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Int. J. Environ. Res. Public Health 2017, 14(5), 520; doi:10.3390/ijerph14050520

The Health Risk of Cd Released from Low-Cost Jewelry

1
Institute of Environmental and Chemical Engineering, Faculty of Chemical Technology, University of Pardubice, Studentska 573, 532 10 Pardubice, Czech Republic
2
Center of Materials and Nanotechnologies (CEMNAT), Faculty of Chemical Technology, University of Pardubice, Nam. Cs. Legii 565, 530 02 Pardubice, Czech Republic
3
Department of Waste Management, Czech Environmental Inspectorate, Na Břehu 267, 190 00 Praha 9, Czech Republic
*
Author to whom correspondence should be addressed.
Academic Editor: Helena Solo-Gabriele
Received: 14 March 2017 / Revised: 30 April 2017 / Accepted: 9 May 2017 / Published: 12 May 2017
(This article belongs to the Section Environmental Health)
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Abstract

The composition of the surface layer of 13 low-cost jewelry samples with a high Cd content was analyzed using an energy-dispersive X-ray fluorescence spectrometer (ED XRF). The analyzed jewels were obtained in cooperation with the Czech Environmental Inspectorate. The jewels were leached in two types of artificial sweat (acidic and alkaline) for 7 days. Twenty microliters of the resulting solution was subsequently placed on a paper carrier and analyzed by an LIBS (Laser-Induced Breakdown Spectrometry) spectrometer after drying. The Cd content in the jewelry surface layer detected by using ED XRF ranged from 13.4% to 44.6% (weight per weight—w/w). The samples were subsequently leached in artificial alkaline, and the acidic sweat and leachates were analyzed using laser-induced breakdown spectrometry (LIBS). The amount of released Cd into alkaline sweat ranged from 24.0 to 370 µg Cd per week, respectively 3.23–61.7 µg/cm2/week. The amount of released Cd into acidic sweat ranged from 16.4 to 1517 µg Cd per week, respectively 3.53–253 µg/cm2/week. The limit of Cd for dermal exposure is not unequivocally determined in the countries of the EU (European Union) or in the U.S. Based on the US EPA (United States Environmental Protection Agency) approach used to establish the reference dose (RfD) for Cd contained in food and information about the bioavailability of Cd after dermal exposure, we assessed our own value of dermal RfD. The value was compared with the theoretical amount of Cd, which can be absorbed into the organism from jewelry in contact with the skin. The calculation was based on the amount of Cd that was released into acidic and alkaline sweat. The highest amount of Cd was released into acidic sweat, which represents 0.1% of dermal RfD and into alkaline sweat, 0.5% of dermal RfD. These results indicate that the analyzed jewelry contains Cd over the limit for composition of jewelry available within the territory of the EU. The determined amount of Cd in analyzed jewelry does not, however, pose a threat in terms of non-carcinogenic toxic effects. View Full-Text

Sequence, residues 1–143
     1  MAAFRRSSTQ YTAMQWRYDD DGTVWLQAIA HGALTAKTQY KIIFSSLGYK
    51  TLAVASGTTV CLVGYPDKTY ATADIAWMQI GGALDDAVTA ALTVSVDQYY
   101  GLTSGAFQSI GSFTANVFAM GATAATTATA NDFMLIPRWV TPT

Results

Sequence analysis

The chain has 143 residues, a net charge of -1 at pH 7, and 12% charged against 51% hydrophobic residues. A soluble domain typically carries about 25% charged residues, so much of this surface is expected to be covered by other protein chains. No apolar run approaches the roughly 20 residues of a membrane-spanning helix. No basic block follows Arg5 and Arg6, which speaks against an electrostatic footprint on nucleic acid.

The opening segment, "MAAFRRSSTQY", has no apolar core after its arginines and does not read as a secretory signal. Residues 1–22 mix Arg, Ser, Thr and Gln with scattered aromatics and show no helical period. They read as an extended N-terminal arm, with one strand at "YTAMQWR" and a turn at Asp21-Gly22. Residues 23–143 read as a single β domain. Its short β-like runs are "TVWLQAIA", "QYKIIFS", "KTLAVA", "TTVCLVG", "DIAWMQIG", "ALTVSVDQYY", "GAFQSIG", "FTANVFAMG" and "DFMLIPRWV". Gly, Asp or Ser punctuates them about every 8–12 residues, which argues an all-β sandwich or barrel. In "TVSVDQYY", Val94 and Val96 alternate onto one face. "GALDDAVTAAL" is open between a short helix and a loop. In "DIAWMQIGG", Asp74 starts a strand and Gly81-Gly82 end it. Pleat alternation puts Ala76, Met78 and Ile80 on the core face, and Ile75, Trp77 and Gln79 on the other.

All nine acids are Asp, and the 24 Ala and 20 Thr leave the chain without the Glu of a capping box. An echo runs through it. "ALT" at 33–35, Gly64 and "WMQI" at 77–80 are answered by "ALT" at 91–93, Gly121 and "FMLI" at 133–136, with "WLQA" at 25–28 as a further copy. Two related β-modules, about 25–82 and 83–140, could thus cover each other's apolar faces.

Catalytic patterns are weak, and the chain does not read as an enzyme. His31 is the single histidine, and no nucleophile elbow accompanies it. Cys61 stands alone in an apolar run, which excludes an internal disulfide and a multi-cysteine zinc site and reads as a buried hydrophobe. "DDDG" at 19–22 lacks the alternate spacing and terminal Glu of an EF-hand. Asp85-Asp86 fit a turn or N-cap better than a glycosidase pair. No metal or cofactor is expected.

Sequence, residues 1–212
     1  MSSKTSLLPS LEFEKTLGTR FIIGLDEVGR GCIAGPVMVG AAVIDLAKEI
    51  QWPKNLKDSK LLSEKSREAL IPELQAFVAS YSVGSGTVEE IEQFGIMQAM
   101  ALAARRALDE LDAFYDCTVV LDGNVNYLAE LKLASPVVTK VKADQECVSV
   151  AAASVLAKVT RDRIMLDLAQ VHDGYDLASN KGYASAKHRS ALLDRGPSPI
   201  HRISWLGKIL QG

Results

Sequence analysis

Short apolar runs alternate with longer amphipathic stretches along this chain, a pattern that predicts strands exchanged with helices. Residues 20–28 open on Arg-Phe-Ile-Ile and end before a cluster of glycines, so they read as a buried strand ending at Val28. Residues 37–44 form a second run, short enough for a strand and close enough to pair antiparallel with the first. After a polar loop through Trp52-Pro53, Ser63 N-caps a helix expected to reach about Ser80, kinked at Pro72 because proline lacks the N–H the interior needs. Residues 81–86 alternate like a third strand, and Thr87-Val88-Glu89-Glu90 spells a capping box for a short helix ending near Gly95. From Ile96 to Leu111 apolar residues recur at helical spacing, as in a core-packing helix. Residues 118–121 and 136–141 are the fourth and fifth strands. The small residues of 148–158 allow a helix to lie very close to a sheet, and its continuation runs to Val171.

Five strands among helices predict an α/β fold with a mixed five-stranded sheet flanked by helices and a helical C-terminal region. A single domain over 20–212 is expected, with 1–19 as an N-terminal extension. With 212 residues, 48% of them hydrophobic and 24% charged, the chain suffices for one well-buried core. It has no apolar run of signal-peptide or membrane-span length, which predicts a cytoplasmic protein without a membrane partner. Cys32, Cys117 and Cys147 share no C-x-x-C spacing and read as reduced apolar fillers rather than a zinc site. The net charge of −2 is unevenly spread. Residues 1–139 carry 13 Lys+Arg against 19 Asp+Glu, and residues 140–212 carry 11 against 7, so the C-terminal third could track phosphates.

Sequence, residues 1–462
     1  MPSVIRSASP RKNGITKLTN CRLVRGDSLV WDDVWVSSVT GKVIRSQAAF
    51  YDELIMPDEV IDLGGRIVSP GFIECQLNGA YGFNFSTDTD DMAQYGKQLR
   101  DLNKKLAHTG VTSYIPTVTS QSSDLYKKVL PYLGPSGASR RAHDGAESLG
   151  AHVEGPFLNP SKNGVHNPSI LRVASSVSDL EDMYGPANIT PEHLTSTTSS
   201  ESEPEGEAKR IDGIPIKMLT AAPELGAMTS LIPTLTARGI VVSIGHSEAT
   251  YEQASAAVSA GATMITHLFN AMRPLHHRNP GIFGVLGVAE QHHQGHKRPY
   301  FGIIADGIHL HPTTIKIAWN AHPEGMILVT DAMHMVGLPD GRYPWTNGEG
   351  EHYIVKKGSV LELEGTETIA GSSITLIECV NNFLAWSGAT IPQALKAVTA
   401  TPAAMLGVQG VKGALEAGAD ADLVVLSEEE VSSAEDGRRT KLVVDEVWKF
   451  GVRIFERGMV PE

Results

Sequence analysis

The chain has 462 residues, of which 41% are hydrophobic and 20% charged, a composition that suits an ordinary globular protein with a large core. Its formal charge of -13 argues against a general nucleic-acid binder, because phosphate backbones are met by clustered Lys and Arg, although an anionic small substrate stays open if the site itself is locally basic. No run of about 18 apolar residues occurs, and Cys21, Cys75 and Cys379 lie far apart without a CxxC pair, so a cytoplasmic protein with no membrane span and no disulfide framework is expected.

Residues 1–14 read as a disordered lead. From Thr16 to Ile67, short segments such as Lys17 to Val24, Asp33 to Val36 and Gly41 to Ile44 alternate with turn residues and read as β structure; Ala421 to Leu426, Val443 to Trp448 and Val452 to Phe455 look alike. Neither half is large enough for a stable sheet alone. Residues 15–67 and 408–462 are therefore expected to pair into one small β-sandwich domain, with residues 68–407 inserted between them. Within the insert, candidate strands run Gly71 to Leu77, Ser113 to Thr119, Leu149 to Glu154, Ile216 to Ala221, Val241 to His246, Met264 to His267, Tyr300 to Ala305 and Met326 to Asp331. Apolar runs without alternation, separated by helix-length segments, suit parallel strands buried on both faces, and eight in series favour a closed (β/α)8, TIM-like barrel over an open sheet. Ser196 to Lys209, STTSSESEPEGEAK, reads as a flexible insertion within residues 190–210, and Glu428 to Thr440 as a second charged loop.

Keywords: health risk; low-cost jewelry; artificial sweat; cadmium; laser-induced breakdown spectrometry health risk; low-cost jewelry; artificial sweat; cadmium; laser-induced breakdown spectrometry
This is an open access article distributed under the Creative Commons Attribution License which permits unrestricted use, distribution, and reproduction in any medium, provided the original work is properly cited. (CC BY 4.0).

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MDPI and ACS Style

Pouzar, M.; Zvolská, M.; Jarolím, O.; Audrlická Vavrušová, L. The Health Risk of Cd Released from Low-Cost Jewelry. Int. J. Environ. Res. Public Health 2017, 14, 520.

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